Poiesis (formerly known as work)

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 Jim Cochrane and I are up in North Georgia for a few days before he flies back to South Africa and I fly to Loma Linda, California and then to North Carolina on Monday to begin my  life at Wake Forest.
If you follow this blog you’ll know that I spend much of my waking hours working in various ways to try to help institutions and organizations do the right thing, which is to lend themselves as instruments of God’s imagination for the health and wholeness of the world. 
At least that what I try to do. What actually emerges from all the constant flurry of activity are books, papers, memos, committee meetings, plans, budgets, programs and more programs, events and more events….and from time to time, something that even looks like…..change. It almost never solitary; almost always a team sport. Sometimes it is two or three as when Jim and I wrote  a really good book over a period of years (Religion and the Health of the Public: Shifting the Paradigm)(which you reallyshould stop and buy on amazon right now….). Sometimes it happens in formally constituted organizations, such as the 11,0000 employees of Methodist LeBonheur Healthcare. Increasingly today it happens in informally emerging networks such as the “health systems learning group” meeting in Loma Linda (18 health systems co-convened with the White House office on Faith and Neighborhood Partnerships). People form around things they fear and things they hope for. I am usually part of the latter.
To call that kind of hopeful activity “work” doesn’t quite seem right. It often feels every bit as much play, in the creative sense of generative delight and surprise. I probed Jim’s imagination on this and after consulting friends from Seattle to Africa, he suggested we talk about Poesis. That activity that so stirs soul, is work, but needs a new name to capture its radically hopeful and realistic nature.It gives energy; seems to create it. There is always laughter.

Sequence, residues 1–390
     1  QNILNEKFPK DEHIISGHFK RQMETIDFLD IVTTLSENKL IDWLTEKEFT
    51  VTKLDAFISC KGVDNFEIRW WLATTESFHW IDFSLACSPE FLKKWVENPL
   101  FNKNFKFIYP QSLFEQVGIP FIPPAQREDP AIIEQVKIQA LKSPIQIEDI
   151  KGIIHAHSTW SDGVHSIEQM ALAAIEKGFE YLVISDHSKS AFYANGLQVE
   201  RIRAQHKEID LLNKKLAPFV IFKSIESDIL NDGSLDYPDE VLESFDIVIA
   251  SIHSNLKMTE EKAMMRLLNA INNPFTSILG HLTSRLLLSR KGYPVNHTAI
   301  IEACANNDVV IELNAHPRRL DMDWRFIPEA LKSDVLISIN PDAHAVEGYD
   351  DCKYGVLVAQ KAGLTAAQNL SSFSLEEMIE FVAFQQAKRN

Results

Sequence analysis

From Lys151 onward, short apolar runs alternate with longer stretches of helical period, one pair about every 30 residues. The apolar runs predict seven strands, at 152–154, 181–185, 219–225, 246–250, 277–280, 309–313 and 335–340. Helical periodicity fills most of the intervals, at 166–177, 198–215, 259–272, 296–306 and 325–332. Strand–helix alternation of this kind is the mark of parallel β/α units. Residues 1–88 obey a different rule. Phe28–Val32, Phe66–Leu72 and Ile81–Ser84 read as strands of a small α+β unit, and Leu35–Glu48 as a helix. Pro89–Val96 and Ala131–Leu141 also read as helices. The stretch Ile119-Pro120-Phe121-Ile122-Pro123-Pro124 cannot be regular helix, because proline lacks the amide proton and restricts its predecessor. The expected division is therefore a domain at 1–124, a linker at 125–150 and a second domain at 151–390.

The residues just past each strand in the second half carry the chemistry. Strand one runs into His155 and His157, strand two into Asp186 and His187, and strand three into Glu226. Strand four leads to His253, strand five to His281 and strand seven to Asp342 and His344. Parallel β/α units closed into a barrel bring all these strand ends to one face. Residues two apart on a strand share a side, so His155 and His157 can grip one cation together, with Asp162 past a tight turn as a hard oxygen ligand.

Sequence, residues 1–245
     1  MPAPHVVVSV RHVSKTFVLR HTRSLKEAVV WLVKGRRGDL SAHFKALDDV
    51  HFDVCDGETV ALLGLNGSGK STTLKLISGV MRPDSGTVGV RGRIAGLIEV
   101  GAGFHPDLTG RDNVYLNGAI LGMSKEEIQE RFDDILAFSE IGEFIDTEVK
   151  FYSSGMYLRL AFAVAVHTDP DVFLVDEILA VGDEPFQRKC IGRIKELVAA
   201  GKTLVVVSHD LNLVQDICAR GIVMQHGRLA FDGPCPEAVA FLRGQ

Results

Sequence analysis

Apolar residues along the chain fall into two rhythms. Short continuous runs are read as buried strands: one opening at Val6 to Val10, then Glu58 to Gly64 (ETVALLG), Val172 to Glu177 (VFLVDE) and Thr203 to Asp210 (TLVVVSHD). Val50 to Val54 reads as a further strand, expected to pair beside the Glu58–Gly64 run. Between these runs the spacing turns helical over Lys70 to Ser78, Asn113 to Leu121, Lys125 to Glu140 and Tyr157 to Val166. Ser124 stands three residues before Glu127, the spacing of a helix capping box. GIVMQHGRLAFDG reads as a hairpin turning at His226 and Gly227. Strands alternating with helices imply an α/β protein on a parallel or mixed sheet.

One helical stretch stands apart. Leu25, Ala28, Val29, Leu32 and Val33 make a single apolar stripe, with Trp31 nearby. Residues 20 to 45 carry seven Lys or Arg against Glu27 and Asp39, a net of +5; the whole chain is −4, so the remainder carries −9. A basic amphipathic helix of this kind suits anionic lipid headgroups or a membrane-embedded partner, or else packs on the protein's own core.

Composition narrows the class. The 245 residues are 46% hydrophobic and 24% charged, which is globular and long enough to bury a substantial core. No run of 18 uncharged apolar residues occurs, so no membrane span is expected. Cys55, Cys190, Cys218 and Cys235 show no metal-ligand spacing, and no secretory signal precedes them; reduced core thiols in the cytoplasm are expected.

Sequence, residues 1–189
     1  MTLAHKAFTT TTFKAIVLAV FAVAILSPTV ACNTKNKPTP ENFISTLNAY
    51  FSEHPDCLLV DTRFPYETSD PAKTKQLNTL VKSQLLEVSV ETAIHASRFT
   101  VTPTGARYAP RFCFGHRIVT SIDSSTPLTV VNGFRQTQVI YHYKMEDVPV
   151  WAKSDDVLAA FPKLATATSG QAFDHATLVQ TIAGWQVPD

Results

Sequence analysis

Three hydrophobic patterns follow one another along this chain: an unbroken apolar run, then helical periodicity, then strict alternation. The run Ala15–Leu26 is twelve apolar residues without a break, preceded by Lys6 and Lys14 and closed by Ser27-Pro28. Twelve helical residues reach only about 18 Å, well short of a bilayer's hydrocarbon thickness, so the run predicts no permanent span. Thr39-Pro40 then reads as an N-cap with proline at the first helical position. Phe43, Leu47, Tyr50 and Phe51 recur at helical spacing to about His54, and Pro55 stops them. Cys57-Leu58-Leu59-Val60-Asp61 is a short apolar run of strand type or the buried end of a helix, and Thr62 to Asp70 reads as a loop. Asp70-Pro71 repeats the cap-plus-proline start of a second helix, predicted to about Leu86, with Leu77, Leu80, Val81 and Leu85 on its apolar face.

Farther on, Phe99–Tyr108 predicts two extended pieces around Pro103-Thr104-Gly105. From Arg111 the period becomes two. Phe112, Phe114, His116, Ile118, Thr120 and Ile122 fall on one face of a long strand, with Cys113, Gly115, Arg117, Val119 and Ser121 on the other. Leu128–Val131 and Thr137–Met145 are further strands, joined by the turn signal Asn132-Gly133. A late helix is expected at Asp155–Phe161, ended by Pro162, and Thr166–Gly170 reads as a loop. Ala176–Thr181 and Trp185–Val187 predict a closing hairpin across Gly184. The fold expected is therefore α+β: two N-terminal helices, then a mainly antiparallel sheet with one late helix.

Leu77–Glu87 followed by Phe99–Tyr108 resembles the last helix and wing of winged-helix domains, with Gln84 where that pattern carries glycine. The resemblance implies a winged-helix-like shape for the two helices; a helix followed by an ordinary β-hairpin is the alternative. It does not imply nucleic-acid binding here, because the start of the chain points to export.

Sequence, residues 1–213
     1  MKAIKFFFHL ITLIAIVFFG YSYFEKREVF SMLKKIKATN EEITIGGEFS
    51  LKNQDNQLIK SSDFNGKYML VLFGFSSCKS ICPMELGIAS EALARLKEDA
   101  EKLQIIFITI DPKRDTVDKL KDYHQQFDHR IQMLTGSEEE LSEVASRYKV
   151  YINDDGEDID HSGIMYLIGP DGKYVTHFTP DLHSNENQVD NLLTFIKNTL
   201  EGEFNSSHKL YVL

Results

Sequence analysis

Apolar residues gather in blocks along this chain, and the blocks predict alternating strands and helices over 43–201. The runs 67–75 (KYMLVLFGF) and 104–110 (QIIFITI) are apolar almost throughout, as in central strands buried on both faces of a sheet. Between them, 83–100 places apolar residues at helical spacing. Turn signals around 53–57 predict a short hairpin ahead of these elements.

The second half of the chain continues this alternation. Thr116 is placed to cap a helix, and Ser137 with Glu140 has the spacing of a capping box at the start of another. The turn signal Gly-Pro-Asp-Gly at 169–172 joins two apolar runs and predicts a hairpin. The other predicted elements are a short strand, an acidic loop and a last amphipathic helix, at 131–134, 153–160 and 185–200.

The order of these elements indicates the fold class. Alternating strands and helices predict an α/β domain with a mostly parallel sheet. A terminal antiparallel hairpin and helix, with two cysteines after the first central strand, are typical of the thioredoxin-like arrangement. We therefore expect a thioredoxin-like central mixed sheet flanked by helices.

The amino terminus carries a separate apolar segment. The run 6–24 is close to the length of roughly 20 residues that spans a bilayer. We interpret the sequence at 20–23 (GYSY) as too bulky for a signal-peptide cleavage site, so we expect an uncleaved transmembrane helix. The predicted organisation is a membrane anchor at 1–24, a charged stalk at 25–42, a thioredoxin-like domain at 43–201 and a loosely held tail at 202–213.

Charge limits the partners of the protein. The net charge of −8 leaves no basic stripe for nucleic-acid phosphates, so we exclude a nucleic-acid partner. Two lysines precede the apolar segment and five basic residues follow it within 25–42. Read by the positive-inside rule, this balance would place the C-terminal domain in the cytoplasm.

We can find no English word for this, but consider “Poiesis” from the ancient Greek term ποιέω, “to make”. The same root word underneath “poetry“, it was first a verb, referring to the action that transforms and continues the world. Poiesis is not just technical production nor creation in the romantic sense: poïetic work reconciles thought with matter and time, and person with the world.
Poiesis is, in short, what a great leader does with those he or she loves. It is helpful to think about past poïetic transformations other leaders like you have already been part of and to see the fruit of their lives as far more than an assembly of technical constructions. It helps us to hope for the fruit of our lives, too.

Jim teaches me that  Martin Heidegger refers to this kind of holy labor as a ‘bringing-forth’, using this term in its widest sense. He explained poiesis as the blooming of the blossom, the coming-out of a butterfly from a cocoon, the plummeting of a waterfall when the snow begins to melt. The last two analogies underline Heidegger’s example of a threshold occasion: a moment of ecstasis when something moves away from its standing as one thing to become another. It is the sprouting of an acorn that could be a great oak.No wonder our heart stirs when we grasp what is possible

And, oh, does the world so need just that.

Let’s get to poiesis!

About garygunderson

Vice President, Faith Health, Wake Forest Baptist Medical Center in Winston-Salem, NC. Author, Leading Causes of Life, Deeply Woven Roots, Boundary Leaders and Religion and the Heath of the Public. Secretary, Stakeholder Health (Health Systems Learning Group).
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